When Columbia blasted off on Jan. 16, it was not exactly big news. Most accounts focused on the presence of a man from Israel rather than the risk of flying into space.

"Shuttle Lifts Off With an Israeli Astronaut," said a New York Times story on Page 17.

"Israel hails flight of 1st son to space," said the Chicago Tribune's Page 3 report.

The Washington Post also ran a piece on Page 3. Newsday used a wire on Page 18. Even the Houston Chronicle, in the home of mission control, relegated the launch to Page 5. The network anchors read briefs. That's how routine shuttle flights had become.

Now, of course, there is no other story.

Politics is on hold, along with just about everything else. For the first time since 1986, the media are swarming over a space story, simultaneously trying to console the country and figure out, based on fragmentary information, how this could have happened.

The shock was not quite as immobilizing as when the Challenger blew up, at a time when most Americans simply didn't stop to consider that such things could happen. But it was a severe shock nonetheless.

Suddenly the media are filled with stories of NASA budget cuts, of past warnings about safety. These stories had been covered by beat reporters before, but how much attention had they received? How much television airtime? The media are famous for saturation coverage after a tragedy, but journalistic attention was obviously elsewhere before Saturday's explosion.

Last April, for example, Richard Blomberg, who had just stepped down as chairman of NASA's advisory board, told a House subcommittee that "I have never been as concerned for space shuttle safety as I am right now. . . . The current approach is planting the seeds for future danger." According to a database search, his testimony was covered only by the Orlando Sentinel, Associated Press and Gannett News Service.

The past neglect is, on one level, perfectly understandable. The media don't report that 99 planes landed safely yesterday. Back in the 1960s, the country stopped to watch Walter Cronkite narrate the drama of each manned space flight in the quest for a moon landing. People like John Glenn, Neil Armstrong and Buzz Aldrin were celebrities.

By the '90s, the no-big-deal, inside-the-paper routine of shuttle coverage was a testament to the program's success. How many Americans could have named a member of any recent shuttle crew? The high-tech press was all about online video and text-messaging cell phones and Segway scooters and housecleaning robots, not space missions.

That has abruptly changed, as the presence of Rather and Brokaw and Jennings made clear over the weekend. Now there will be weeks of scrutiny, soul-searching and media-led mourning. Now Columbia is no longer a big story only in Israel. Now the story belongs to the world.

The Ultimate Source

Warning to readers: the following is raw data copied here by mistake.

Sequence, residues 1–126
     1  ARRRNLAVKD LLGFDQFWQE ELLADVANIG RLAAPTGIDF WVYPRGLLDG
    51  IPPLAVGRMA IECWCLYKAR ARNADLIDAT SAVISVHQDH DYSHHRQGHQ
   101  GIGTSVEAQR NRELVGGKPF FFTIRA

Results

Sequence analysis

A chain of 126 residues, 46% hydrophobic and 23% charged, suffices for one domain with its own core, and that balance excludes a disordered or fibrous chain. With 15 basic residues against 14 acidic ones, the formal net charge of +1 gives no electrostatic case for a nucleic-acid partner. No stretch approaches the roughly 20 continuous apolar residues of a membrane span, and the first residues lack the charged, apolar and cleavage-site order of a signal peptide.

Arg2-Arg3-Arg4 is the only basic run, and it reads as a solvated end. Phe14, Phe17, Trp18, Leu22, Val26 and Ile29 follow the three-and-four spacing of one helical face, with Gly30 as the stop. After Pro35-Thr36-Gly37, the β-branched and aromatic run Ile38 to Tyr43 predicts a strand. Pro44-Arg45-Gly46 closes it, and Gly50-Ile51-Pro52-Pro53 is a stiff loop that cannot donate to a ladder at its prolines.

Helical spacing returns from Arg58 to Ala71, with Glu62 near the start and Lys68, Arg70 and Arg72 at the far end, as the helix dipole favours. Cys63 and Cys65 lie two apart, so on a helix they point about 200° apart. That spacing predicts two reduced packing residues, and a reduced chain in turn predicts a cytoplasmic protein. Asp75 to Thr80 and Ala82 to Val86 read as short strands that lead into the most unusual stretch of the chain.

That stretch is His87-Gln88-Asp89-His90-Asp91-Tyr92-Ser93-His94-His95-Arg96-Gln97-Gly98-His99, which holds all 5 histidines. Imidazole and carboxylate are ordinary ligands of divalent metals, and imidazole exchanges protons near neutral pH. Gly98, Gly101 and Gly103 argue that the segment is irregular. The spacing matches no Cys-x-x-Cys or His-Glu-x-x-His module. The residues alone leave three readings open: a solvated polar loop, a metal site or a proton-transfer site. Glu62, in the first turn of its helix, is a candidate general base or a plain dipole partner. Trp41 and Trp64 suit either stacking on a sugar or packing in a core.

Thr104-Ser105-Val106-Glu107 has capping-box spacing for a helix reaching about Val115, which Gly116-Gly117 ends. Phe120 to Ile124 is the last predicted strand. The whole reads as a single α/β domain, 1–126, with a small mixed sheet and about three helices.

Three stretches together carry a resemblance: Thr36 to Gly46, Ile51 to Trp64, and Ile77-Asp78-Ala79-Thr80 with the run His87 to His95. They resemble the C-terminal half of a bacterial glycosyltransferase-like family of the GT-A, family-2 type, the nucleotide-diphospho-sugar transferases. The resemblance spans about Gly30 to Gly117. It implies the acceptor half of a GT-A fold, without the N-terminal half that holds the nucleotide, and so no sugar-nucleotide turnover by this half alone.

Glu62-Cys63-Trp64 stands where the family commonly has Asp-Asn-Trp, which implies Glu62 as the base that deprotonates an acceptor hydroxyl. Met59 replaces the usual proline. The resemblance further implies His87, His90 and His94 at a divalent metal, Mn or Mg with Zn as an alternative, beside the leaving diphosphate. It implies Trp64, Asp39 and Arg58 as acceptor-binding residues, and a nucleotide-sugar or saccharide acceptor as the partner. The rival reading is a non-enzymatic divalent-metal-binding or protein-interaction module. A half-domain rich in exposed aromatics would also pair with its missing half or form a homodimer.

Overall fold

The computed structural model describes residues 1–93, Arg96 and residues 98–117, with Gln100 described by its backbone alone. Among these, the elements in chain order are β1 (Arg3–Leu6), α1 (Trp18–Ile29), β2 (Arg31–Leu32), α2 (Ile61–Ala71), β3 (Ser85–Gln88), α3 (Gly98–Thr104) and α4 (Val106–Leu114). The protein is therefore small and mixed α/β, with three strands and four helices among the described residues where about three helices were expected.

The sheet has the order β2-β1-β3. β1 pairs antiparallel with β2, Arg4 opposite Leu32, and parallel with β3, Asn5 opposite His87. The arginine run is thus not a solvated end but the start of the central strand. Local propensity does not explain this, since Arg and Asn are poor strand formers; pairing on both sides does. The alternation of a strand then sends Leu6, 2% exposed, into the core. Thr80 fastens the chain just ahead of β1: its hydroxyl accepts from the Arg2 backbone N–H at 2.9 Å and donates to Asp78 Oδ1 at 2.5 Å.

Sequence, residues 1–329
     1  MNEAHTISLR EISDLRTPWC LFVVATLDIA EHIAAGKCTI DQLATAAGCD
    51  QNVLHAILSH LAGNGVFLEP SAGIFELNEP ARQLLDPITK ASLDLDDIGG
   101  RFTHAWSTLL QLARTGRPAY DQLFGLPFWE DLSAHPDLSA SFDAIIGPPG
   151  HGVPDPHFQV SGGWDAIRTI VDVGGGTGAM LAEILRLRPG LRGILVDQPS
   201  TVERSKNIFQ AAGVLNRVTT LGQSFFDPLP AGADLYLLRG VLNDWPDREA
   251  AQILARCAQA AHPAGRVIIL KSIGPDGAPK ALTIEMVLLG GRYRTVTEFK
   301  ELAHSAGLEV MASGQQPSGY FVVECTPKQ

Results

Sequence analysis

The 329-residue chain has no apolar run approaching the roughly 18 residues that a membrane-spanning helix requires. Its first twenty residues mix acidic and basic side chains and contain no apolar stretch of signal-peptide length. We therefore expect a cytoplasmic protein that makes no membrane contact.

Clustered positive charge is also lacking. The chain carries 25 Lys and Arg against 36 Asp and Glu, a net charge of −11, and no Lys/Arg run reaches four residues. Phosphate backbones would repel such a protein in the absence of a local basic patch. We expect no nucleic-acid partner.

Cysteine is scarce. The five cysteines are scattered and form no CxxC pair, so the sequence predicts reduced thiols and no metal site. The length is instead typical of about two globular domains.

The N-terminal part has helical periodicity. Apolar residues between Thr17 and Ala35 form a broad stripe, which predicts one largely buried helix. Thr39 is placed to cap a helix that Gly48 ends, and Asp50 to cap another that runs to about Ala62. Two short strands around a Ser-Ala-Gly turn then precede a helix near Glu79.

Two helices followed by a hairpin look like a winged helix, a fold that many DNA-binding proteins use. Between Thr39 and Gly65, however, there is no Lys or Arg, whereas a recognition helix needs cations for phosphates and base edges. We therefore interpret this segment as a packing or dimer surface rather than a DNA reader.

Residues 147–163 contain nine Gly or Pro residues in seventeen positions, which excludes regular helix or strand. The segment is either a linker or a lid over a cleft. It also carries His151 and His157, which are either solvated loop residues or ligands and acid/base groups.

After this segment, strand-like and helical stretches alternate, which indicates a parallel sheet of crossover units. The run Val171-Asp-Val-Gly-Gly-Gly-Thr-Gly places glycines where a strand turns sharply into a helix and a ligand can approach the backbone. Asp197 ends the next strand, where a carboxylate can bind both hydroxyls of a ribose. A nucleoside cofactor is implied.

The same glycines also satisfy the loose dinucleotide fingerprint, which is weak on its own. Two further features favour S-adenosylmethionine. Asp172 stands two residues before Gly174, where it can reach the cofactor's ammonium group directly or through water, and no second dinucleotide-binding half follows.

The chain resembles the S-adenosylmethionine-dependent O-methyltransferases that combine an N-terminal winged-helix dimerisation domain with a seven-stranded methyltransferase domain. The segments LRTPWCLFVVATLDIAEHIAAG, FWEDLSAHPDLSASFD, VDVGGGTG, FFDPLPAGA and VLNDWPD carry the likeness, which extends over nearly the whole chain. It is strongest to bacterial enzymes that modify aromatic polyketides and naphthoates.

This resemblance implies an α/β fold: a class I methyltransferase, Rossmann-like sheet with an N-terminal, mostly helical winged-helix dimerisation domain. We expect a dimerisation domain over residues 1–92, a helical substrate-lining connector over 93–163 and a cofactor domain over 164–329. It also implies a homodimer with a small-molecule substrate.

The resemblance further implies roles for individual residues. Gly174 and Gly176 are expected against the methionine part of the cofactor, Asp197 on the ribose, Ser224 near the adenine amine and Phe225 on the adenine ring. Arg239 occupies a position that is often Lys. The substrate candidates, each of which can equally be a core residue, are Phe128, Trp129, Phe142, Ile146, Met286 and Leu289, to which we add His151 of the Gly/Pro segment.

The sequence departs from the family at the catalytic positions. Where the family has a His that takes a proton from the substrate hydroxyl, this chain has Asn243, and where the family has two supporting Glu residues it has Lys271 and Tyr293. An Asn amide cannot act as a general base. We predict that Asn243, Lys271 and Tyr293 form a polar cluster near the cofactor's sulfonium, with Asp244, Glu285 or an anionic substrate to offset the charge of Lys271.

President Bush doesn't call columnists to shoot the breeze. But last week conservative pundits were brought in three groups to the Oval Office to hear pre-State of the Union spin from what the Weekly Standard's Fred Barnes called "an extremely knowledgeable insider who insists on being called 'a senior administration official.' " That insider was POTUS himself.

Also getting the Bush treatment were the Wall Street Journal's Paul Gigot and Peggy Noonan, National Review's Rich Lowry and Kate O'Beirne, Washington Post syndicated columnists Charles Krauthammer and Michael Kelly, the Washington Times's Donald Lambro, Michael Barone of U.S. News, Fox's Cal Thomas and CNN's Robert Novak.

"They need convincing," a White House official says. "They're not with you 1,000 percent. But they tend to be sympathetic. There's no point in inviting Eleanor Clift."

Chicago Back-Scratching?

The Chicago Tribune suffered a bit of embarrassment when the name of chief political reporter Rick Pearson turned up on a list of sponsors for state patronage jobs.

Pearson's wife, Margaret, was hired for a $39,000 post overseen by the Illinois secretary of state's office, then run by George Ryan, who stepped down as governor last month.

Pearson says he can't comment. But Deputy Managing Editor George de Lama says: "We talked to all the principals involved and we can't find any evidence to support the notion that Rick Pearson did anything to help his wife get a state job. . . . Rick has been incredibly straightforward, incredibly conscientious about telling his editors whenever his wife changed jobs."

The list, filled with political leaders and lobbyists, became public in the federal corruption trial of a former Ryan aide. The Chicago Sun-Times quoted Ryan as saying he recalled talking about Pearson's wife with his former consultant and that "it didn't hurt to have the name Pearson." But Ryan told the Tribune he wasn't involved in the hiring.

Artistic Judgment

In a review of antiwar posters this month, Los Angeles Times art critic Christopher Knight slammed the Bush administration's "imbecilic plan for war with Iraq," which he said lacks a "coherent argument."

Which led to this knuckle-rapping editor's note: "It was, in our view, a gratuitous political statement and, as such, a distraction from the legitimate substance of the review. It should not have been published."

But Knight is unrepentant. He said in an online chat that "all art has a political dimension. . . . It seemed sensible to state my position on that subject matter right up front."

In the 1960s, CBS newsman Walter Cronkite helped narrate the drama of manned spaceflight.Mercury astronaut John Glenn got a ticker tape parade in 1962; now, spaceflight is big news only in the face of tragedy.